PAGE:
Estate trustees, as fiduciaries, are required to act in the best interests of the estate beneficiaries. While this is a fundamental tenet of estate law, it is essential to reiterate when analyzing the court’s approach to legal principles stemming directly from it. One such principle is the concept of “self-dealing”, or the ability of an estate trustee to purchase estate or trust property for their own personal benefit.
Self-Dealing: Executors & Trustees Cannot Purchase Estate or Trust Assets
For centuries, courts have rejected self-dealing by estate trustees as a general rule. The rationale is premised on the notion that a trustee owes loyalty to the beneficiaries and, therefore, purchasing estate property for the trustee’s benefit inherently places the trustee in a conflict of interest. As per the House of Lords in their 1842 decision of Hamilton v. Wright.
“A trustee is bound not to do anything which can place him in a position inconsistent with the interests of his trust, or which can have a tendency to interfere with his duty in discharging it. Neither the trustee nor his representative can be allowed to retain an advantage acquired in violation of this rule.”
For over a century, the Hamilton decision has been adopted and applied by Canadian courts, including the Supreme Court of Canada. The presumption against self-dealing was well summarized by Justice Cowan of the Nova Scotia Supreme Court in 1971 in the case of Re Nathanson Estate:
“It is well settled that a trustee cannot, without the authorization of the Court, sell trust property to himself. This follows from the fundamental duty owed by a trustee to the beneficiaries of a trust – the duty of loyalty. It is the duty of a trustee to administer the trust solely in the interests of the beneficiaries. He is not permitted to place himself in the position where it would be for his own benefit to violate the duty which he owes to the beneficiaries …”
There are two notable exceptions to the rejection of self-dealing:
- Circumstances where the beneficiaries consent to the trustee’s self-dealing (and the beneficiaries have the capacity to consent); or
- The court has approved the self-dealing.
Regarding the second exception, a court may approve self-dealing where a trustee can establish that no other purchaser is forthcoming or seems likely to come forward within a reasonable time period, and the trustee’s offer is favourable and to the advantage of the beneficiaries. This is a very high bar to meet.
The Supreme Court of British Columbia recently examined the principle of self-dealing in Re Dewberry Estate. The deceased, William Dewberry, died without a will. The Court appointed his daughter, Angela, to administer William’s estate. Angela had two sisters, Tracey and Elaine. As there was no will and William did not have a surviving spouse, Angela intended to distribute William’s estate between herself and her sisters in equal shares under section 23(2) of the Wills, Estates and Succession Act. Section 23 governs estate distribution in cases where the deceased dies without a will and no surviving spouse.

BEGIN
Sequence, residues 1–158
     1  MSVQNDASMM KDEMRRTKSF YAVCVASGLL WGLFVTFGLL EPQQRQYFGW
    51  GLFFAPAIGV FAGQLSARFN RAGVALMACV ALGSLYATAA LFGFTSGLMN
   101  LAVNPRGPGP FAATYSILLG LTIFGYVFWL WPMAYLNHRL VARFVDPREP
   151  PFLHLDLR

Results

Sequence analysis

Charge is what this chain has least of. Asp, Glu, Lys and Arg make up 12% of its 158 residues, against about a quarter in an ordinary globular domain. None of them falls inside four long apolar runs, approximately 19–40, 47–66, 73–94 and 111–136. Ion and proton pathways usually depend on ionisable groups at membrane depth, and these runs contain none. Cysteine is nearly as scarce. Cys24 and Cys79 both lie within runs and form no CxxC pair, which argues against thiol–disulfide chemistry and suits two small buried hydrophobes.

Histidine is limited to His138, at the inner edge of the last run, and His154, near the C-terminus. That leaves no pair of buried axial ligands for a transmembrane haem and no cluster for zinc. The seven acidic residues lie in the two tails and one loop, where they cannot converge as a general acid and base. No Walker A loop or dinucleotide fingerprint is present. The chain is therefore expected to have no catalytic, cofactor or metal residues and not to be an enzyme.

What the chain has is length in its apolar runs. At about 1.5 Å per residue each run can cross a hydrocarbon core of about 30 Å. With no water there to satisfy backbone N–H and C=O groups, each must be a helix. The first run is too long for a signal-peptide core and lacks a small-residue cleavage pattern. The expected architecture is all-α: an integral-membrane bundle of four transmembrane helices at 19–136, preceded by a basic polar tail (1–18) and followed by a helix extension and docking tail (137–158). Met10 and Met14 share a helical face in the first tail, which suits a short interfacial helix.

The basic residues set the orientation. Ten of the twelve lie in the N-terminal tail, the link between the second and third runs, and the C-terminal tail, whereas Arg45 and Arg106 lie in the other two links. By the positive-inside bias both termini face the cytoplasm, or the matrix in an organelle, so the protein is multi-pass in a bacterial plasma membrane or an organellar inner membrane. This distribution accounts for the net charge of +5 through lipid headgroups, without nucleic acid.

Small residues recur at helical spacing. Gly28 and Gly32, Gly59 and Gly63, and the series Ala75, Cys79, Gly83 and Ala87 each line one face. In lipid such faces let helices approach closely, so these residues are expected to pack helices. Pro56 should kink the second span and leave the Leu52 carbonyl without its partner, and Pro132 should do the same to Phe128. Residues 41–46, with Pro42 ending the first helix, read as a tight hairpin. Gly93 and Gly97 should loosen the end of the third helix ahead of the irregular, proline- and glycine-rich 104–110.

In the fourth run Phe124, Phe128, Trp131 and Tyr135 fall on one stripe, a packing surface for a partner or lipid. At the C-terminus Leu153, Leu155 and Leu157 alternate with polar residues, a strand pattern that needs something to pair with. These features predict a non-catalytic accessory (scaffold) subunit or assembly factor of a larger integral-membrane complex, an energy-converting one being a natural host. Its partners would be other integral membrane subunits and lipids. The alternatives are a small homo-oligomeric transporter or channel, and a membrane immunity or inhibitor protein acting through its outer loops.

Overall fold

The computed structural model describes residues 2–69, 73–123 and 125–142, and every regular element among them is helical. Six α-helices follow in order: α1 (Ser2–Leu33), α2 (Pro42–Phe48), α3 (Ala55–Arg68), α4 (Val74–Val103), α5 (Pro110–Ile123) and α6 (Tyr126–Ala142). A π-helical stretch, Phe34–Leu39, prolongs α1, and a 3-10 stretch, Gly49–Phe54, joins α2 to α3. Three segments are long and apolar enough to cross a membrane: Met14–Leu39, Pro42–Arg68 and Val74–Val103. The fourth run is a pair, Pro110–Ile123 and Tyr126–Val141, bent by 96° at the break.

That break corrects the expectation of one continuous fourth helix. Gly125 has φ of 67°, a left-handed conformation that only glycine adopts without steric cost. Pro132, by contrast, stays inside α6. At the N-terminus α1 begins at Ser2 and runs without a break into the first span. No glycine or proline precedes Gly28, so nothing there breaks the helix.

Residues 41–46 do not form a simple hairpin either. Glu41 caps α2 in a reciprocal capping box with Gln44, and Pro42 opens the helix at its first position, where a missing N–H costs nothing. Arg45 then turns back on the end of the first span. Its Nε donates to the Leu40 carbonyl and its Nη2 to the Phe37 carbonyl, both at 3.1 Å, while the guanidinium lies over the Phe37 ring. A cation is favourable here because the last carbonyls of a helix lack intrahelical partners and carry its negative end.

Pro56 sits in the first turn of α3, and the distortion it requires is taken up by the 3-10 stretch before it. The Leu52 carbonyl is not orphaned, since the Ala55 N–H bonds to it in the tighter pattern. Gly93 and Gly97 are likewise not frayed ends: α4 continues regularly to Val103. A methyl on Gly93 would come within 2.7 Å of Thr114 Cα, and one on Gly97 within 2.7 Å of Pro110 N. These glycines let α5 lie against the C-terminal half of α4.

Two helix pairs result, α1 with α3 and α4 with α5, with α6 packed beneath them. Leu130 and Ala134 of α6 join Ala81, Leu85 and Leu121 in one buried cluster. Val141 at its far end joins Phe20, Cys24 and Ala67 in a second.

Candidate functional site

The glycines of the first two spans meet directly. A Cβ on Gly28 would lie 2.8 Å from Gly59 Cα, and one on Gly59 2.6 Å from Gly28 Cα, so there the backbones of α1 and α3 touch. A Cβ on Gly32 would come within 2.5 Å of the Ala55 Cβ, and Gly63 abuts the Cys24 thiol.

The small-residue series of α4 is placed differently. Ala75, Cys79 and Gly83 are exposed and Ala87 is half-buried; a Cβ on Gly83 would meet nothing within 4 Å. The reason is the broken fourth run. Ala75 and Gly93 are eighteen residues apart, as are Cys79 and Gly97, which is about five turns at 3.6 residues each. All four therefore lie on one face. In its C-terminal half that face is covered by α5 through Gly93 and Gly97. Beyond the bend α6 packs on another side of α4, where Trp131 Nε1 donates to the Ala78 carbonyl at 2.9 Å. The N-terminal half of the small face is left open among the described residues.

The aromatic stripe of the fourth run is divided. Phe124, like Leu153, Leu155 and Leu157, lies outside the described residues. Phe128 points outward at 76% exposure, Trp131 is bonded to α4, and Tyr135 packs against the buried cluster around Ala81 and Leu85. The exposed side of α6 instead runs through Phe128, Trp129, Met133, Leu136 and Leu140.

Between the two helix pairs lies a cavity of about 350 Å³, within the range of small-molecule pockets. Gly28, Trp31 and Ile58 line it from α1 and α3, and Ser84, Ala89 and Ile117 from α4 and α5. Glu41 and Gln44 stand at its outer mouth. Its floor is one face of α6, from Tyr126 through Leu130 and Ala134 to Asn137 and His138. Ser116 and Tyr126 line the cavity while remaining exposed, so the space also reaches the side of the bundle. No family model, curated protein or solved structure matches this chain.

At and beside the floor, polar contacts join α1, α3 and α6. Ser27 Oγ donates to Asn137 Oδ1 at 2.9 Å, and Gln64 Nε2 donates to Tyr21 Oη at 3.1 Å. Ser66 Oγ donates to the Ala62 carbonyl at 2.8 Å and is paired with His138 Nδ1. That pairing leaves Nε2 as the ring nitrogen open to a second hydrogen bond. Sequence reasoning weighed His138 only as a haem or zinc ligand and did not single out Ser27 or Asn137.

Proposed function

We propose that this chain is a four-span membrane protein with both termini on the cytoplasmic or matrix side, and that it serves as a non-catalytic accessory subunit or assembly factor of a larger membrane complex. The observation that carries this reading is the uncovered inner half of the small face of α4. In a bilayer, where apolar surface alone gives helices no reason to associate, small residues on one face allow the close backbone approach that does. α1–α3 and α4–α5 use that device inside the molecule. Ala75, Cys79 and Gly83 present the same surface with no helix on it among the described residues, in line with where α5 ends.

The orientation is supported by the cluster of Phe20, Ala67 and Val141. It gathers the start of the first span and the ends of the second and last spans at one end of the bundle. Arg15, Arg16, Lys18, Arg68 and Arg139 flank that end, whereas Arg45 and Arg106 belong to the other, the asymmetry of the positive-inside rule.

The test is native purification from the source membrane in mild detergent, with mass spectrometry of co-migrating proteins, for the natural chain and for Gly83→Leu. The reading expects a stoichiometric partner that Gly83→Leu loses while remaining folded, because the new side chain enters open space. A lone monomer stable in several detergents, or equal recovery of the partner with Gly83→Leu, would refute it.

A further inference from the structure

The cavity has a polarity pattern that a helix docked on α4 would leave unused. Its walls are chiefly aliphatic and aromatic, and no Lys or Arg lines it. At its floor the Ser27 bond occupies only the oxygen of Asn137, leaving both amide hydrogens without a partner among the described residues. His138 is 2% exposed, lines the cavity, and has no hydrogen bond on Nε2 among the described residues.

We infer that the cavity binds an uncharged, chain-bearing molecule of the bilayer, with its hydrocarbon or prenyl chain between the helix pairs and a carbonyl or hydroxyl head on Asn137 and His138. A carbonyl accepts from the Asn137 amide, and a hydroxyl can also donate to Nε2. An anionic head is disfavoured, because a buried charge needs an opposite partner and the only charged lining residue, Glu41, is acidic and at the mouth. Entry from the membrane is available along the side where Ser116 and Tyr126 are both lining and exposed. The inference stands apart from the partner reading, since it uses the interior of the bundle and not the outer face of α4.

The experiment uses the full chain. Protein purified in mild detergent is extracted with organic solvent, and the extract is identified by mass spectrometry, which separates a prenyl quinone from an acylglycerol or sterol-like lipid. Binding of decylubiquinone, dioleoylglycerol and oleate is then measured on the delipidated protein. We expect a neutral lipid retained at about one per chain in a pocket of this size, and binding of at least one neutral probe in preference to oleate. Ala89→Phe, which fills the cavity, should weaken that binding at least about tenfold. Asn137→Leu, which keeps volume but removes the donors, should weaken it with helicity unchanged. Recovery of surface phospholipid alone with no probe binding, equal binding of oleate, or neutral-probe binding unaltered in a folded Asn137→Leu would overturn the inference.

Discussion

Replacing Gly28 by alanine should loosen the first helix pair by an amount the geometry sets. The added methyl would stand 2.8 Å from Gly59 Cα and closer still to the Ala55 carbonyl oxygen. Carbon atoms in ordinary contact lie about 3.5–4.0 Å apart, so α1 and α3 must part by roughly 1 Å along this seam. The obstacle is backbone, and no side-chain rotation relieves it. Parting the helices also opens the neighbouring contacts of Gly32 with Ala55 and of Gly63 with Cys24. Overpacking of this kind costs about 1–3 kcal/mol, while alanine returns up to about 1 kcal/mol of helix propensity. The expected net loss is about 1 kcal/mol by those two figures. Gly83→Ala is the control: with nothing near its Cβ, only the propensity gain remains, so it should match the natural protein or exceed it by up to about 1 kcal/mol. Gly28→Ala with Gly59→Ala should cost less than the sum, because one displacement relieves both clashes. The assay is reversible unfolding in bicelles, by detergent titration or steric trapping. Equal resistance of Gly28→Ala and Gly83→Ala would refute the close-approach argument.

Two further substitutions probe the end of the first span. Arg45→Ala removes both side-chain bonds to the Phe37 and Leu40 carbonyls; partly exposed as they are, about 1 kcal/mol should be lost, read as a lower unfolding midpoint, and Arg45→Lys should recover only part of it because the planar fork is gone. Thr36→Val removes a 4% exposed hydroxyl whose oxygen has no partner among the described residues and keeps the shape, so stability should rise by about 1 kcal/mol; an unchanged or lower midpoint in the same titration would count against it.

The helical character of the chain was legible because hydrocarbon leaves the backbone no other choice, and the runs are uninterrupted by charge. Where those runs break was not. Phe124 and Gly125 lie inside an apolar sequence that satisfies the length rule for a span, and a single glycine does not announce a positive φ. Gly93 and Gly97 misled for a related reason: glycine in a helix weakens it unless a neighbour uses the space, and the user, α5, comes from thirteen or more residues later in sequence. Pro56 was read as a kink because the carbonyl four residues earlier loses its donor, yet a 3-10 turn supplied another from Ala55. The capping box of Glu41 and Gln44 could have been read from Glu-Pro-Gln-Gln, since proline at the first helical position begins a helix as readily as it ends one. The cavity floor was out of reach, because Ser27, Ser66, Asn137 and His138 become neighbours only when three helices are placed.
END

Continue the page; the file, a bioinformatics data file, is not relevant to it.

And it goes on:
Following the uncontentious distribution of some nominal estate assets, the balance of William’s estate consisted of a two-acre property with a manufactured home (collectively, the “property”). Many appraisals of the property had been carried out, the most recent occurring in March 2023, which valued the property at $284,000. Angela, who had been living on the property following William’s death and spending her own money to maintain it (i.e. paying the mortgage, property taxes, utilities, etc.), brought an application seeking an order permitting her to purchase the property from the estate. She proposed to buy the property for $100,000 less than the $284,000 appraisal price on the basis that she had expended her own funds to maintain the property up to that point. At the time of the application, Tracey and Elaine were unwilling to sell the property to Angela at her proposed price.
The Court in Dewberry dismissed Angela’s application to purchase the property. The Court cited the principle that the rule against self-dealing relates to the inherent conflict between the trustee’s interests and their fiduciary duties over the estate or trust assets. The Court noted that it was unaware of any authority that would empower it to approve the sale of trust property to a trustee at a price below market value, even considering the trustee’s contributions to the preservation of that property’s value.
The Court concluded that Angela’s proposed purchase of the property, in light of all the circumstances, was not favourable for the other beneficiaries (Tracey and Elaine), nor was it to their advantage.
During the course of the proceedings, Tracey and Elaine advised the Court that they were willing to consent to sell the property for the appraisal price of $284,000, provided the sale closed within a reasonable time frame, and the net proceeds were paid into Court. As Angela, the trustee, was warming to the idea of buying the property for that price, the Court suggested the parties work through the consent process privately and prepare a consent order for the Court’s consideration if an agreement was reached.
The experienced estate litigators at Meridian Law Group are well-versed in the high legal and ethical standards that apply to estate executors and trustees. The firm advises parties in court actions relating to a fiduciary’s duties and takes swift, decisive action to secure clients’ legal rights and preserve estate assets. To schedule a confidential consultation with a member of our estate litigation team, contact us online or call 604-687-2277.